Israel set to approve over 4,500 new settlement homes in West Bank — report

Over 1,000 housing units in Givat Ze’ev, Elkana, other areas up for final approval; plans for over 3,000 more to be advanced, says public broadcaster

A view of construction work in the Jewish settlement of Givat Ze'ev, between Jerusalem and Ramallah, in the West Bank on May 10, 2022. (Ahmad Gharabali/AFP)
A view of construction work in the Jewish settlement of Givat Ze'ev, between Jerusalem and Ramallah, in the West Bank on May 10, 2022. (Ahmad Gharabali/AFP)

Israel is expected to approve over 4,500 new housing units in Jewish settlements in the West Bank over the coming weeks, with more than 1,000 homes up for final approval and plans for over 3,000 more in the pipeline.

Public broadcaster Kan reported Tuesday that most residences in the final stages of approval were in the settlements of Givat Ze’ev near Jerusalem, with over 500 units approved, and Elkana and Revava in the northern West Bank, with over 300 new homes set for new construction each. Plans for thousands more homes will be advanced in Givat Ze’ev, Ma’ale Adumim, Kiryat Arba, Beitar Illit, and at least a dozen other settlements, according to Kan, for a total of 4,570 units.

The report came a day after an Israeli official confirmed a report that the US was informed of Jerusalem’s plans to announce thousands of new settlement homes at the end of June.

The official told The Times of Israel that it was not clear whether the settlement plans would all be approved in back-to-back meetings of the Civil Administration’s High Planning Subcommittee within the Defense Ministry, as is traditionally the case, or whether the meetings would be spread out over several weeks.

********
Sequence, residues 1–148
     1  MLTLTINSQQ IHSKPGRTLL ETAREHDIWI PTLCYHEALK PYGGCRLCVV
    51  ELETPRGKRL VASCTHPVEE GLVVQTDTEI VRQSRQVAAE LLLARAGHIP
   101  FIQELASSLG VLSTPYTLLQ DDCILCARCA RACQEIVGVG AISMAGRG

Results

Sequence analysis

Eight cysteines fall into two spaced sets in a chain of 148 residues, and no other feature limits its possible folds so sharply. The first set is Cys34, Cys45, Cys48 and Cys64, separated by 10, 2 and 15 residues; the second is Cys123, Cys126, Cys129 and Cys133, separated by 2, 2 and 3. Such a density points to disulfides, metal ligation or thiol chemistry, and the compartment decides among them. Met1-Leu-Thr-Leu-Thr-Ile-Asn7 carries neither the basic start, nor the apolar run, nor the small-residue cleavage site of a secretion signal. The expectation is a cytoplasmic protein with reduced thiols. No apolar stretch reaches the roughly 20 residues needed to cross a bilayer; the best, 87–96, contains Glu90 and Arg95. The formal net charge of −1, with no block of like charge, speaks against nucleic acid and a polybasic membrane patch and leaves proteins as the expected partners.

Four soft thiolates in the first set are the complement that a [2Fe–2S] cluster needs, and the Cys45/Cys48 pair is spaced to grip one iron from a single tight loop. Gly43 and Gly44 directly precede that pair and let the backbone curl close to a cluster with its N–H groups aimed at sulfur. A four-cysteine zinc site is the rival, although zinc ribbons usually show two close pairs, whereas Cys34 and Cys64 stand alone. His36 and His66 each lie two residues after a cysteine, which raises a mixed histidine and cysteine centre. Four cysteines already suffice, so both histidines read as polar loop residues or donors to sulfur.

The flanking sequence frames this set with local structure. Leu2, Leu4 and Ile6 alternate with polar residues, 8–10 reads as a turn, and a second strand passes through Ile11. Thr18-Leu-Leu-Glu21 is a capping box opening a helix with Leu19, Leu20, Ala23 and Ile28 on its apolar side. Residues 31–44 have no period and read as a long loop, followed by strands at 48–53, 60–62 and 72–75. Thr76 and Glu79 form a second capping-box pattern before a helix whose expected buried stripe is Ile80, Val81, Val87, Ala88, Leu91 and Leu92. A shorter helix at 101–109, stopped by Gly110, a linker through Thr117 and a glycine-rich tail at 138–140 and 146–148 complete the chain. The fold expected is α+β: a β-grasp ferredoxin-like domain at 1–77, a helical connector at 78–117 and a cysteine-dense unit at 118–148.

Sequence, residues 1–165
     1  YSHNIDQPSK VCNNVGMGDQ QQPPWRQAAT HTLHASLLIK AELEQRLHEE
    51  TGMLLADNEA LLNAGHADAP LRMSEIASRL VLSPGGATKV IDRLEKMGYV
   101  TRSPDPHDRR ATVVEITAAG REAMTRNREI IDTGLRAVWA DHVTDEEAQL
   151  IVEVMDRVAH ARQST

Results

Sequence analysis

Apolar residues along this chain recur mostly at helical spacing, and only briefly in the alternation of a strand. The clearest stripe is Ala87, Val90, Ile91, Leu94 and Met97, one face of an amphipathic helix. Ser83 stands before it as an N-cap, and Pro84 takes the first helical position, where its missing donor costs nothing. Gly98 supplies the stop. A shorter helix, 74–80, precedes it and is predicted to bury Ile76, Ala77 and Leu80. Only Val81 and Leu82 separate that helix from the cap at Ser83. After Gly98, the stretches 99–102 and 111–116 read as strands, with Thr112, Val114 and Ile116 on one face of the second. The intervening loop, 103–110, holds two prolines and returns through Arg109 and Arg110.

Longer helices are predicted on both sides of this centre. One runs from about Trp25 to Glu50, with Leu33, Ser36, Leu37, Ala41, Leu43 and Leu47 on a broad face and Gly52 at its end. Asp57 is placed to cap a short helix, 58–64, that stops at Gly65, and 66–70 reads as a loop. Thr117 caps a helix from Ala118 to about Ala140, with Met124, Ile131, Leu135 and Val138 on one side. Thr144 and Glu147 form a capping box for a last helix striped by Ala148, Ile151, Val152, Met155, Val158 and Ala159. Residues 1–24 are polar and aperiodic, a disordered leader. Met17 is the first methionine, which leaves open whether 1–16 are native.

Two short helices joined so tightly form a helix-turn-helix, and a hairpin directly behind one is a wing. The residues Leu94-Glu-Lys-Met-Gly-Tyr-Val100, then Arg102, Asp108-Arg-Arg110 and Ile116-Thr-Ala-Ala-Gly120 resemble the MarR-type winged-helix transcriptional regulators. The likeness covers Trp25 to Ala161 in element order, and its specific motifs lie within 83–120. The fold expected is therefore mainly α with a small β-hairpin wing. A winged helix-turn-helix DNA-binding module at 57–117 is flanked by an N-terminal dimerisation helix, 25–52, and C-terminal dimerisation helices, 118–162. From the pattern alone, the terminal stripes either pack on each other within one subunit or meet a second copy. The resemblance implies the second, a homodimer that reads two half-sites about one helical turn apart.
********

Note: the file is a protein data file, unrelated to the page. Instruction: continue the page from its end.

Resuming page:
According to Axios, the Biden administration was pushing Israel to hold off on the announcement or at least scale it back.

A White House National Security Council spokesperson said the US “has been clear that advancing settlements is an obstacle to peace and the achievement of a two-state solution.”

The Israeli plans come after Prime Minister Benjamin Netanyahu delayed plans to advance the highly controversial E1 settlement project amid US pressure.

Illustrative: A view of Ma’ale Adumim in the West Bank, and the surrounding desert, January 26, 2021. (Yaniv Nadav/Flash90)

The subsequent plan to move forward with thousands of settlement homes elsewhere appears to be an effort to placate Netanyahu’s coalition partners.

Israel notified the US of its E1 decision on Thursday, following a phone call between Netanyahu and US Secretary of State Antony Blinken.

US officials said that the Biden administration worked for weeks to have the E1 project removed from the agenda for weeks.

While the E1 project was not mentioned in either side’s readout of Thursday’s call, the State Department said Blinken raised “the need to uphold the commitments made at two regional meetings in Aqaba, Jordan and Sharm El Sheikh, Egypt to avoid measures that undermine the prospects for a two-state solution.”

The Palestinians have in recent weeks accused Israel of violating the commitments made in late February, which included a four-month freeze on holding meetings to advance new settlement homes and a six-month freeze on legalizing new outposts.

Israel argues that it technically has not done either, but it has green-lit construction in East Jerusalem and also illegally transferred a yeshiva in the northern West Bank, in what will make way for the legalization of the Homesh outpost.

The four-month moratorium on advancing plans for new settlement homes will expire at the end of June when the Defense Ministry body responsible for advancing West Bank construction is slated to reconvene.

This will be the second time that the High Planning Subcommittee will have advanced settlement homes since the establishment of the new hardline Netanyahu government on December 29. In February, it green-lit plans for 10,000 new homes — the most ever advanced in one sitting. It also advanced the legalization of nine West Bank outposts, drawing massive international uproar and a joint statement of condemnation from the UN Security Council.

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